At forty-two, I am more or less composed and usually self-reliant. That all went overboard with the contents of my belly. Desperate after several hours, I took unlabeled medication from a total stranger who promised it would help. It got me back to harbor with my intestines still intact. Frankly, if that little pill had fried my circuits, turned me purple, or sent me to the isles of Kublai Khan, I doubt it could have made things worse.

I hear there were between 15 to 20 separate whale sightings that day, some only yards from the side of our boat. I’m sure it was a spectacular show. My husband got some videos. The girls were both suitably impressed. I’ll admit to seeing several large grey backs curving from the waves — and wondering if they would swallow me in mercy if I threw myself overboard. I couldn’t make it to the railing, so I never did find out. And I think these whales were vegetarians. Just my sort of luck.

On the shaky walk from the harbor to our rental house, I started writing in my head. Back in the still sunlight of the lawn, I stitched the story to the page, madly, in longhand, unwilling to lose a fragment. And that’s how I know that I’m a writer. If I’m going to have to throw up for three hours straight, it’s not a glass of wine or a massage that I want in the end. It’s the story, the events lined up in language.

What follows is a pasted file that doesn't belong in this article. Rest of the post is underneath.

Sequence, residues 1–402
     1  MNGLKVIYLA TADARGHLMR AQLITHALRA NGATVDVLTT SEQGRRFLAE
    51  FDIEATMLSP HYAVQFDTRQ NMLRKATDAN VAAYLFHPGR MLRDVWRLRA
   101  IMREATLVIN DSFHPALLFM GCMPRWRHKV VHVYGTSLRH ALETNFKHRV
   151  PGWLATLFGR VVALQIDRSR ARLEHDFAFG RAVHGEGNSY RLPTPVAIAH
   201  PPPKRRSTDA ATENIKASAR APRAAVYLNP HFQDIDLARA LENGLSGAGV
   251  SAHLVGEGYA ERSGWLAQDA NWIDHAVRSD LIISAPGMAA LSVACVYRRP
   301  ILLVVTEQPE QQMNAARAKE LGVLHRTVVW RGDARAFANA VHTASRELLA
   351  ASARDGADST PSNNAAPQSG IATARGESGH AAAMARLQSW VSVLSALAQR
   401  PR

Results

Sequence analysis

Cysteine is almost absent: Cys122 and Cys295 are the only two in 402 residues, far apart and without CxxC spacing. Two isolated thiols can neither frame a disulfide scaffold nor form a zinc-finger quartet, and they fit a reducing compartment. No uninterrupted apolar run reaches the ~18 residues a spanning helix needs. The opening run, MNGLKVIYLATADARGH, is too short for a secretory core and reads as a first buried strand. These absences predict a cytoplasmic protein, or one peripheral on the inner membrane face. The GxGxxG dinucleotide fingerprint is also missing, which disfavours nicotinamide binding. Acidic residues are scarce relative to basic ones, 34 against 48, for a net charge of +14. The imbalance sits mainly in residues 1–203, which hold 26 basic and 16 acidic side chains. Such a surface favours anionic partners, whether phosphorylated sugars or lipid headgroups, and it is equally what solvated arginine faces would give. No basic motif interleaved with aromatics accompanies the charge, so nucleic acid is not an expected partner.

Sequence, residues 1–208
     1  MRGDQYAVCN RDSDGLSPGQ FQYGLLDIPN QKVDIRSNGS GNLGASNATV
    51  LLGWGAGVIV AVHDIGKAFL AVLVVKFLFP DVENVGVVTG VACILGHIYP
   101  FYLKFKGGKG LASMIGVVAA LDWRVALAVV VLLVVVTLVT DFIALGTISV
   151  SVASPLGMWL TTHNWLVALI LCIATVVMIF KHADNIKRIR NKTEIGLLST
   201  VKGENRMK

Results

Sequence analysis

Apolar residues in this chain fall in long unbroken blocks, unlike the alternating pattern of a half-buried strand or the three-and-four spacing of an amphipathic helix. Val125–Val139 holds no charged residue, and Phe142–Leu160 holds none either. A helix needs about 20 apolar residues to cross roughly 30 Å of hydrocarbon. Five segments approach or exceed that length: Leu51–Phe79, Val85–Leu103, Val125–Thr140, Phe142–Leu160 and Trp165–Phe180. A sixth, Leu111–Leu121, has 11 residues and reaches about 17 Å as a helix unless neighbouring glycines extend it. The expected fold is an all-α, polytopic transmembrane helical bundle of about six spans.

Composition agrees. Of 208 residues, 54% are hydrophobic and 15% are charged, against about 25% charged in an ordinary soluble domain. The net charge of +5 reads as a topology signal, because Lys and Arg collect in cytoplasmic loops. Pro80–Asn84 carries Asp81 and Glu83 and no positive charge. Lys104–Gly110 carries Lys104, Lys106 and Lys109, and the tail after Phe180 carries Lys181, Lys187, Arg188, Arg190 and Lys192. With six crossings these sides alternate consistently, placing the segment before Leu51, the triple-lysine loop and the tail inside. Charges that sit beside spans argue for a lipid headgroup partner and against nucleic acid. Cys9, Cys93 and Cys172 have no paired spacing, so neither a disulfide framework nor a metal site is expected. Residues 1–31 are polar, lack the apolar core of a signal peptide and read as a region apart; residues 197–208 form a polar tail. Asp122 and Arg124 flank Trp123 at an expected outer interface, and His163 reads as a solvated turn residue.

In the end, I guess I’m glad I didn’t feed myself to sharks or whales or, bit by bit, to the water-skimming seabirds. It might have made for a more interesting ending, but I would have missed my chance to write the tale. Sea life has no fingers, and a whale song, though lovely, has no definite narration. The Ahn Family Whale Watch of 2012 will become the stuff of myth, at least in our small circle, where everyone but my husband has vowed never to set foot on deck again. If my husband wants to brave the waves, he’ll have to hold his hurl bag by himself. I’ll be home, retelling the legend of the day mom nearly served herself up to the roiling, insatiable belly of the sea.

How are your sea legs? What adventures have you survived so that you could write them down? 

22 thoughts on “Whale Watching Woe